What I’ve been doing …

In the past I used to post about stuff I’ve been reading or listening to or watching and I thought I’d start that up again. Since I’ve been working from home, I’m listening to a lot of music. Since I don’t go out much because of the pandemic, I’ve also been watching a lot of TV. And, of course, I’m still reading. It’s about time I shared a few of the things I’ve been doing and enjoying from the past week. Enjoy!

What I’ve been reading …

I’ve been reading a lot of Japanese mysteries recently and this is another enjoyable one. I had read Murder in the Crooked House earlier, which was funny because it’s the second book in the series. This has a Sherlock Holmes feel because the detective (if you can call him that) isn’t telling the story, his friend is. It’s an enjoyable mystery and no, I did not solve it before the book gave me the answer.

A couple of my coworkers had recommended this book to me, either last year earlier this year. I’d tried it and then decided it just wasn’t working for me. I’d put it on hold (using Overdrive through my library) and forgotten about it. But I got a notification last week that it was available and I figured I’d give it another try. I’m glad I did!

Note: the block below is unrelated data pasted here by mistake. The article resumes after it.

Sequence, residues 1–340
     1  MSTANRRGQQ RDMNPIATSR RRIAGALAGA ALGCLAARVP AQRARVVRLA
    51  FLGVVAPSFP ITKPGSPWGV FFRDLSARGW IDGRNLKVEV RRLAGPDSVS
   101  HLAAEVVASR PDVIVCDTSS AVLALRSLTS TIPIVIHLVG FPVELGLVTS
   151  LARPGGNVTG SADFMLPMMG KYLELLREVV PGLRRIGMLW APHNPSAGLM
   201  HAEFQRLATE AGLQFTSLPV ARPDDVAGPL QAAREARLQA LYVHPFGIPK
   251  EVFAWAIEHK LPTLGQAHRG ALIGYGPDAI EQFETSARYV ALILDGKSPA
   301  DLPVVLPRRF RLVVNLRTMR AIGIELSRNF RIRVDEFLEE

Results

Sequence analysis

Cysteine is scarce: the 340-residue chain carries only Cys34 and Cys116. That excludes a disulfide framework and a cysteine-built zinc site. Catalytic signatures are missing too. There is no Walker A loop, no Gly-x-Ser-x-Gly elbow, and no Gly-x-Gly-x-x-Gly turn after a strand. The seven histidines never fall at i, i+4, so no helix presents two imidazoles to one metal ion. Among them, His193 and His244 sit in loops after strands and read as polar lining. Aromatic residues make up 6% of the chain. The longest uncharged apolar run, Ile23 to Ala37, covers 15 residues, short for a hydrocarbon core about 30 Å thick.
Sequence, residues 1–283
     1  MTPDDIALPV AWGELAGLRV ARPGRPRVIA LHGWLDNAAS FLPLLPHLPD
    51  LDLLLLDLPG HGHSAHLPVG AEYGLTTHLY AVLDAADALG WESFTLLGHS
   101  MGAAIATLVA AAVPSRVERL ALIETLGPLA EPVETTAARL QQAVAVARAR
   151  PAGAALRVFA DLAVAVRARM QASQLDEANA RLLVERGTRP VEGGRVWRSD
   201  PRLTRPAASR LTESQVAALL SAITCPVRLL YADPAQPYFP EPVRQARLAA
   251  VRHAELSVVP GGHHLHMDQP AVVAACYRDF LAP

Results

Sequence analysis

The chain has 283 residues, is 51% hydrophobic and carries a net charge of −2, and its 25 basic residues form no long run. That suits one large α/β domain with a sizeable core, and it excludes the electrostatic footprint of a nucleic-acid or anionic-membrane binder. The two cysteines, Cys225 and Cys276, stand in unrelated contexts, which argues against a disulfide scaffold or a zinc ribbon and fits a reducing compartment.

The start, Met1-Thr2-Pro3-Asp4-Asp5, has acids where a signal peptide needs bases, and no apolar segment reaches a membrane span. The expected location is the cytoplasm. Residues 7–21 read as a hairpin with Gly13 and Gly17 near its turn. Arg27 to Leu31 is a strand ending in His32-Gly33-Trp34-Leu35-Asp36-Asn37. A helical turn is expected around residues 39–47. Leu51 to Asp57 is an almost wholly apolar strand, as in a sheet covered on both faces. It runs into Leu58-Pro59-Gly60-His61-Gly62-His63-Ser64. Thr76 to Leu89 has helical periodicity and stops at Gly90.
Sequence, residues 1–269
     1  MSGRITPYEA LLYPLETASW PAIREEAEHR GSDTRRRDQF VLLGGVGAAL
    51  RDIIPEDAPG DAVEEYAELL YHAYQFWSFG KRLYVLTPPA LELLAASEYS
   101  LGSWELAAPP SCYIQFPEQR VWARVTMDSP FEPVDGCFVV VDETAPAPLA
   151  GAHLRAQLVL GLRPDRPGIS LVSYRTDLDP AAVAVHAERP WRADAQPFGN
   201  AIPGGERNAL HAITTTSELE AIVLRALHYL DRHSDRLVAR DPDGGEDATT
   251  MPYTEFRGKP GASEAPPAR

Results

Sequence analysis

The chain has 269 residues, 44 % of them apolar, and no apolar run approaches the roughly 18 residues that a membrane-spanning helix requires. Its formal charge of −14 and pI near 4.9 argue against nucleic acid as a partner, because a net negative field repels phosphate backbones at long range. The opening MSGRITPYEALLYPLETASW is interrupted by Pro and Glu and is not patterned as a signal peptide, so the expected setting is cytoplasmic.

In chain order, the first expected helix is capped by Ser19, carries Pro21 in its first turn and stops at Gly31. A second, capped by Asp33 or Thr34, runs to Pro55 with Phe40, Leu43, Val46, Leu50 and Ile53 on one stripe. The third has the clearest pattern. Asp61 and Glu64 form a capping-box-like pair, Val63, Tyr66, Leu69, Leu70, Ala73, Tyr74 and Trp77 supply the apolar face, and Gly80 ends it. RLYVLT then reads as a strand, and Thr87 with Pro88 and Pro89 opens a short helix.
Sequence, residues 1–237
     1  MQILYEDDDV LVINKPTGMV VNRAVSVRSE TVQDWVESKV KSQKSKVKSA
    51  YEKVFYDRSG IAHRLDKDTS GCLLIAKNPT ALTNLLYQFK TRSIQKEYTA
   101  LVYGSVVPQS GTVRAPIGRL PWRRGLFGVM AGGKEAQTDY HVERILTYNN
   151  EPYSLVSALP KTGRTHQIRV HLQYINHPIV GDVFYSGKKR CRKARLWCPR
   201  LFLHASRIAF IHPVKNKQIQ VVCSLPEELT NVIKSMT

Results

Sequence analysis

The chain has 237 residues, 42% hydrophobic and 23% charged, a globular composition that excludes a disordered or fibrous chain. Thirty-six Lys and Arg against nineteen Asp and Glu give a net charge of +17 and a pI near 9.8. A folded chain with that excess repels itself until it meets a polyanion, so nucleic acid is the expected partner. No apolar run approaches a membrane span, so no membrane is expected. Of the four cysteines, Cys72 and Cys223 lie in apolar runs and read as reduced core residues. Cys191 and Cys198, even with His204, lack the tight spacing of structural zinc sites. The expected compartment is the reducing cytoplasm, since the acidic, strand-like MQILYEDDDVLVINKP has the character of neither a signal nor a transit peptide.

It’s a murder mystery (sort of) set on Yale’s campus in an alternate world where all of the secret societies have access to magic. Something about the tone reminded me a bit of Sarah Gailey’s Magic For Liars book, though the only thing they have in common is magic and schools (a private high school in Gailey’s case). That being said, although it’s a long book, it is very enjoyable. Just be aware that it is the first book in the series and it ends on a semi-cliffhanger.

This book was (and probably still is) an extremely popular book in South Korea. It’s the story of a 30something woman who is suffering from mental health problems. They stem, essentially from the way society in South Korea thinks of and treats women. The book is not hopeful, but it is a brutal wake-up call. It is not just a South Korean tale – it is the story of women all over the world.

It’s written in a very detached way that many people didn’t like, but I enjoyed it. It’s also quite short, it took me about a just about a day to read it. There are also footnotes scattered throughout the novella that back up all of Cho’s stats about the treatment of women in South Korea. It’s also been made into a movie, though I haven’t seen it yet.

For more about the book, check out these reviews:

What I’ve been watching …

Movies: